So When Do You Get The All Clear?

A mate of mine called mid chemo, a man I’ve been friends with for over twenty years. He voiced his concern with an air of exasperation.

“But when will you get the all clear?”

It was the second time he’d asked and I wasn’t providing the right answer. I was vague and ill prepared for the conversation. There seemed to be so much ahead of me before I could even consider the final outcome. At the time my head was spinning with the knowledge of more chemo to be injected more days of hot and cold sweats, a piece of land to be purchased, the introduction and beginning of six weeks of radiation, and depositing our eldest child at her new school while farewelling my other children back to Qatar. Oh, and Christmas. We had a bit going on.

Eating that elephant, one bite at a time.

“But when do you get the all clear? I know I probably shouldn’t say this, it’s just that our other friend with breast cancer, well, its come back and its in her brain and her bones.”

I winced at the other end of the phone – I knew who he was talking about, while I didn’t know her personally I knew she’d recently had a baby.

“I can’t imagine I’ll know for awhile. I’ve still got a lot of other things to do, there’s still more chemo, I’m yet to start radiation.”

“But don’t they tell you? Don’t they give you some idea of the process.”

The elephant appeared to grow to an overwhelming size.

My voice changed tone, defensiveness set in. My breast cancer was my breast cancer, my story was my story. I had to get through this treatment before thinking about another one. Could everyone just calm the fu… I got off the phone, vented, and got on with what had to be done.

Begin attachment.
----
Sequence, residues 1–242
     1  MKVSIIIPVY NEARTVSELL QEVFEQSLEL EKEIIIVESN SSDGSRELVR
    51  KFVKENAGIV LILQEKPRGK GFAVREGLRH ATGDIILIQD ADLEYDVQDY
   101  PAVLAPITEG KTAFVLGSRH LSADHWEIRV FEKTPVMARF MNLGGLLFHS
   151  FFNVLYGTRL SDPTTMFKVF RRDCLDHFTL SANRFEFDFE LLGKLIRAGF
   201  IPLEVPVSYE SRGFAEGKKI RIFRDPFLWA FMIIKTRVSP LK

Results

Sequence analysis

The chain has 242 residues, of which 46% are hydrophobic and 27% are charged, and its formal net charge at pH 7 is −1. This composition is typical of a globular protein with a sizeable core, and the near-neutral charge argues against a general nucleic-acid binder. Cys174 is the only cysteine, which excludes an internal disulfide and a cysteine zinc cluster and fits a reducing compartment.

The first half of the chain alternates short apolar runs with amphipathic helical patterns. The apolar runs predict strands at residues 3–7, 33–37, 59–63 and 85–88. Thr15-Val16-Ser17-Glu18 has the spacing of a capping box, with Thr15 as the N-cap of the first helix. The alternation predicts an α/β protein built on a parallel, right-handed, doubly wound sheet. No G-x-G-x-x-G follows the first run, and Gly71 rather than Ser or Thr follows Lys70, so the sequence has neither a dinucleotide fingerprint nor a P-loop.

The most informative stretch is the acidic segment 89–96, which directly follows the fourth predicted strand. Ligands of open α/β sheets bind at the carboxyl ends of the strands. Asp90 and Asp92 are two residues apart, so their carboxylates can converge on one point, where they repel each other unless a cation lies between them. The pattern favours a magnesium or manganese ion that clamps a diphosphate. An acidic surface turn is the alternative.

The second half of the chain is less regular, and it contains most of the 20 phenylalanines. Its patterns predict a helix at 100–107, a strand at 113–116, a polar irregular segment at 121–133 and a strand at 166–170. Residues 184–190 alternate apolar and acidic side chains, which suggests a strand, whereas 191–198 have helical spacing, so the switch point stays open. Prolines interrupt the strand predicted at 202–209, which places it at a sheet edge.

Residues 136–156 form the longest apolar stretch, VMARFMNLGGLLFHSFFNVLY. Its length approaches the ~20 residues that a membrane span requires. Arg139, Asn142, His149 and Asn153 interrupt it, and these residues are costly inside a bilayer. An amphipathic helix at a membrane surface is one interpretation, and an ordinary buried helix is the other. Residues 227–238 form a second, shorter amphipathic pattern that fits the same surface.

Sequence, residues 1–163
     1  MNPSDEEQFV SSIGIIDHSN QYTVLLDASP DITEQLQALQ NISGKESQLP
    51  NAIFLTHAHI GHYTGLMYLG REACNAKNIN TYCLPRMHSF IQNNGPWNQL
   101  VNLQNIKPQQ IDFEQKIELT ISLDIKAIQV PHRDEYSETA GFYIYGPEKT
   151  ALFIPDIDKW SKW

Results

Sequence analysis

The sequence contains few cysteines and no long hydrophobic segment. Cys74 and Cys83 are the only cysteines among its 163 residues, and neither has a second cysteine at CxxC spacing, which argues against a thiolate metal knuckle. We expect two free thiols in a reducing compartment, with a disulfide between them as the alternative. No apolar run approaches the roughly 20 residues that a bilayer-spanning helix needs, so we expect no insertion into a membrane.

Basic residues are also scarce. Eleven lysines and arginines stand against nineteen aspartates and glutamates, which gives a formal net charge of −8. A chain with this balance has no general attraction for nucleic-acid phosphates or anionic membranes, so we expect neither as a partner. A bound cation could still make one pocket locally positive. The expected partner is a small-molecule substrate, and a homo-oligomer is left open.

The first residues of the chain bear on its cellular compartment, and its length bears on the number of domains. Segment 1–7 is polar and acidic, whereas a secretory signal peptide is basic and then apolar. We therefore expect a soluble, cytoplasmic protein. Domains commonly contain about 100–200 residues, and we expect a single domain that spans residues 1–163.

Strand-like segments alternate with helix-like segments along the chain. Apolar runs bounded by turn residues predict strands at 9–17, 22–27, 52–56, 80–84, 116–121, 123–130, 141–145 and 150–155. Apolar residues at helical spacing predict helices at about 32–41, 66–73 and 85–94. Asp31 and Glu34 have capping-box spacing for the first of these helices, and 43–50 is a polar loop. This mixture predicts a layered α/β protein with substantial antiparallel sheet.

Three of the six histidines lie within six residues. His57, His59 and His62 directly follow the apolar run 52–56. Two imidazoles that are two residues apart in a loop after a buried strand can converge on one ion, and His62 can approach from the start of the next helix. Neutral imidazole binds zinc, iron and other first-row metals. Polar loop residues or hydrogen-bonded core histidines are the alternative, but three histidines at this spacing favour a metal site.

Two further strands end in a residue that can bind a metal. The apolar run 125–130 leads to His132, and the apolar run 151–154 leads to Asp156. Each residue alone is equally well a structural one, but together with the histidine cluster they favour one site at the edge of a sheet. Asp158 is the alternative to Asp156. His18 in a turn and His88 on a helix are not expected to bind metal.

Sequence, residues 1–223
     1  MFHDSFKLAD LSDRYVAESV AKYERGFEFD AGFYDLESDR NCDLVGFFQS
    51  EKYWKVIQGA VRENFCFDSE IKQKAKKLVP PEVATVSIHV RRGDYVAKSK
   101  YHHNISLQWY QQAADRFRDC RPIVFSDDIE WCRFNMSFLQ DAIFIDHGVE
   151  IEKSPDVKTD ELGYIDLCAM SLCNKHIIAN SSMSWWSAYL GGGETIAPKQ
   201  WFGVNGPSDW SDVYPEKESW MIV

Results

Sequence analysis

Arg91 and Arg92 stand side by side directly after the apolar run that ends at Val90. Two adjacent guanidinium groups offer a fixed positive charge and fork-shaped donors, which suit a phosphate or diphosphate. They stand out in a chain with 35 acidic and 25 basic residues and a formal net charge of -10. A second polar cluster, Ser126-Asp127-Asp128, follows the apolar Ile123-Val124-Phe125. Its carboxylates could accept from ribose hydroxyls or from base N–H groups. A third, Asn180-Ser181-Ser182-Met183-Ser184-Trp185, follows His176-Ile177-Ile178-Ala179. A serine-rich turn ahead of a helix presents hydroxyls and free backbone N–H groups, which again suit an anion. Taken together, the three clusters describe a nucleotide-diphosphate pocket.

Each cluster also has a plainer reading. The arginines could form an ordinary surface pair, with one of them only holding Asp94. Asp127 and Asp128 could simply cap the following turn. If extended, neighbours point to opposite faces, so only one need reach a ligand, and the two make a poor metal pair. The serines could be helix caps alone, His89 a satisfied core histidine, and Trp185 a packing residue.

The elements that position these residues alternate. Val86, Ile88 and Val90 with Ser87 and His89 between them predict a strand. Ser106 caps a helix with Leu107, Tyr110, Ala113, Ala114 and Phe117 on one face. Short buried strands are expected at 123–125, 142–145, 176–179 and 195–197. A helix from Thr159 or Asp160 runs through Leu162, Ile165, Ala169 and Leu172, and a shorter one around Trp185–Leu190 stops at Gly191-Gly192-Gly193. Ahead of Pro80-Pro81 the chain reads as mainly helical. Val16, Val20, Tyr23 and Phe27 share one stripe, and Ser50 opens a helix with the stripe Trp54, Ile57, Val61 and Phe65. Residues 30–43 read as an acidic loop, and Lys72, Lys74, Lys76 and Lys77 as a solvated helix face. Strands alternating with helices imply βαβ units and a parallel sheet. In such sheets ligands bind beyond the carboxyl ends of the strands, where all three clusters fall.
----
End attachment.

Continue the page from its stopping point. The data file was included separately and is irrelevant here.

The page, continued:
Weeks later after I’d finished my final chemotherapy I decided to ask. I sat across from my very relaxed oncologist and quizzed him on what happened next. Was there a special test? Where would I go after radiation? Who would give me the all clear?

“Kirsty, I’m not going to tell you you’re cured until you die of something else.” He seemed quite happy with his attempt at humour, I imagine it’s a favourite amongst oncologists.

I thought about my mate, I knew he wasn’t going to be happy with the answer.

My cancerous tumour was removed with clear margins in August. When surgery was performed they were able to tell me that nothing had reached the nodes. This is good news, it means the cancer didn’t appear to make its way through the nodes to a more exciting location. In the days after my diagnosis I found myself at various hospitals in an array of gowns being prodded, poked, scanned and x-rayed. My bones, lungs and various other bits and pieces were given the “all clear”.

While the cancer I had was removed because of its sinsiter behaviour (it’s one of the nasties) my treatment was precautionary. Chemo was incase anything lay dormant, and radiation was done to kill anything in the chest wall.

I now wait just like everyone else. I will, like you (if you have boobs), continue to go to mamagrams hoping they don’t find anything. I will, possibly not like you, talk to my GP and breast surgeon about booking in for a yearly MRI just to make sure. Except possibly unlike you I will always entertain the idea that I have cancer. Maybe it’s in my ovaries? Maybe it’s in my brain? Is that mole a funny colour? It only takes once to hear the words “it looks like cancer” to see how easy it is, how random and how unfair. It only takes one time to beleive that if it happened once it can happen again.

“When do you get the all clear”.

You don’t. None of us do.

Until we die of something else.

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